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Leadership Journal%%item-2.name%%Confronting controversy with character and grace.
Spring 1998


 ARTICLE TOOLS

Growing Edge

Why New Churches Are Growing


Will Willimon on a ground-breaking book


A few years ago, teaching for a summer in Southern California, I visited numerous congregations of my denomination. They were mostly graying, aging—obviously dwindling and depressed.

Why are we mainliners doing so poorly here? I wondered.

"Californians aren't religious anymore," I was informed by denominational leaders. "We are too socially progressive, too religiously sophisticated for most people here," explained others.

I concluded that what they meant was too boring.

California sociologist of religion Donald E. Miller is, like me, a product of mainline Protestantism. In the 1980s he wrote The Case for Liberal Christianity, beating the, if not yet dead, terminally ill horse of liberal Christendom. After that book he decided to "shelve all attempts at writing theology until I was retired and had earned the right to engage in speculative reasoning." Miller joined a liberal Episcopal congregation "where I did not need to check my mind at the door when I entered to worship."

Some of his undergraduates got him interested in a new phenomenon on the American religious scene, churches that "preached an old-fashioned gospel, but their music and form of worship were radically contemporary, and their mood was quite different from that of the typical evangelical and fundamentalist church I had visited."

Armed with a grant from the Lilly Endowment (that esteemed subsidizer of academic commentary on mainline decline), Miller began his journey into Calvary Chapel, Vineyard, and Hope Chapel churches—all born in Southern California. The result is Reinventing American Protestantism: Christianity in the New Millennium (University of California Press, $27.50), an engaging contribution by Miller to the debate on church growth and decline in the United States.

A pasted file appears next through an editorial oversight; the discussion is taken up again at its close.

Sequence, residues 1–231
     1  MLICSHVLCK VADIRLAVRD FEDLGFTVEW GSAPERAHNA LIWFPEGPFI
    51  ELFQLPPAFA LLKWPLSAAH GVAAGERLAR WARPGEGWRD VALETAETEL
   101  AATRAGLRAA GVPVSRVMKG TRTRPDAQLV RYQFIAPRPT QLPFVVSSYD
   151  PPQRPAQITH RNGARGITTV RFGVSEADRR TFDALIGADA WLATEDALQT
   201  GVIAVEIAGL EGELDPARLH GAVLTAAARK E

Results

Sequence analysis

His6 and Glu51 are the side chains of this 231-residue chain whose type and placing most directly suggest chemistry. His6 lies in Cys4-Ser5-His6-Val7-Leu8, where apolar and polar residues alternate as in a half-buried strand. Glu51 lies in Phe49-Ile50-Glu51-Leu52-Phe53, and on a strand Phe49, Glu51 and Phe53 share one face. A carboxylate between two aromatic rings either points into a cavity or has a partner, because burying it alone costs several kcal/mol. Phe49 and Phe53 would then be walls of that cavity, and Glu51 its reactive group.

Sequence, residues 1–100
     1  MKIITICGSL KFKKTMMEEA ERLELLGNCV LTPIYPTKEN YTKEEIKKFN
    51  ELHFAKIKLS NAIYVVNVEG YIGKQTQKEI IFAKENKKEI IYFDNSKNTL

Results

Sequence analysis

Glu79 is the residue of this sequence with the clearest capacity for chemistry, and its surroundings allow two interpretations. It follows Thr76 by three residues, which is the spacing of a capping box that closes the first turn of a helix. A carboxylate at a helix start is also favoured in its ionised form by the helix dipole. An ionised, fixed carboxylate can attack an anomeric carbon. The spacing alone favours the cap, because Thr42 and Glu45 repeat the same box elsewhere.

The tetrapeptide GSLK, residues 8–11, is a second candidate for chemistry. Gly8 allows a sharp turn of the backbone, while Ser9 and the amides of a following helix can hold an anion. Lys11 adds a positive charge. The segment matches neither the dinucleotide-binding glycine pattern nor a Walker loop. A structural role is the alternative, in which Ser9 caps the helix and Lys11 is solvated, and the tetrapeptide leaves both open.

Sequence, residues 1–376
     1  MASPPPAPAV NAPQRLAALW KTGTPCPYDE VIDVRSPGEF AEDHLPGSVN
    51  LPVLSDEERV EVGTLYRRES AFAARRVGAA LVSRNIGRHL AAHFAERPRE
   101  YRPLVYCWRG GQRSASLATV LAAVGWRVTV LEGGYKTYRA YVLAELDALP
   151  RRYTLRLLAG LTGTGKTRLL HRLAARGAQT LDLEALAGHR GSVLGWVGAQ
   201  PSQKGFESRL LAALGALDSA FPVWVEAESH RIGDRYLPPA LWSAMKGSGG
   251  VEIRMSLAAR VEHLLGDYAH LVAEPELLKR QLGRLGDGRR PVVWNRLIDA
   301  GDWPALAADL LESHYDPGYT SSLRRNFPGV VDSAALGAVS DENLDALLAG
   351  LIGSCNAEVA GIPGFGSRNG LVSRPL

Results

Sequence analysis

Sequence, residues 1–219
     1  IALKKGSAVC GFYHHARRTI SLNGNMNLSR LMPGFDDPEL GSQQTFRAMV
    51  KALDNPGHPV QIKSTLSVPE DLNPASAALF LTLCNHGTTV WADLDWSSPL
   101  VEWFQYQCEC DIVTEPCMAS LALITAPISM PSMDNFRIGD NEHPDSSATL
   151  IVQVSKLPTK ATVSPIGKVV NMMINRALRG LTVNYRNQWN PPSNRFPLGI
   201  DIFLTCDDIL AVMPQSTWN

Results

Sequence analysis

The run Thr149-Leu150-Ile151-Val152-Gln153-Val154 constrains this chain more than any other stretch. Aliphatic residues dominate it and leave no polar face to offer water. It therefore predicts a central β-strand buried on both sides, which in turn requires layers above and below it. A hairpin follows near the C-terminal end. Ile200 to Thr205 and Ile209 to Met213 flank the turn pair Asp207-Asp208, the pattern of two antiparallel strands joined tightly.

Power to the people

It is fun to watch Miller entering these congregations as an outsider, curiously poking about in their inner lives, attempting to decipher the sources of their phenomenal growth. He tells a great story of churches that confound simplistic labels and conventional wisdom. These Southern California churches make heavy demands upon people; their worship is rock-'n-roll but their theology and ethics sometimes seem derived from another century.

They do exorcism, anointing, tough preaching, all to the heartfelt beat of Maranatha Music. These churches not only espouse slogans about loving the poor (the bane of my denomination), they are reaching out to the poor, saying, "We need the poor more than they need us." Although all these churches seem dependent upon the visionary, charismatic personalities who founded them, Miller stresses that "they are democratizing access to the sacred by radicalizing the Protestant principle of the priesthood of all believers."

The theme of democratization runs throughout Miller's story. He contrasts the bureaucratic, top-down style of older, mainline Protestant churches with these newer churches' lean-and-loose, ad hoc organizational styles that give much power to the laity. Indeed, this difference in organization is perhaps, for Miller, the major difference between the older Protestant mainline and these churches that will dominate "postdenominational Christianity" in North America. Miller is high on these churches, saying they thrive because "they are successfully mediating the sacred, bringing God to people and conveying the self-transcending and life-changing core of all religion."

Weaseling out of theology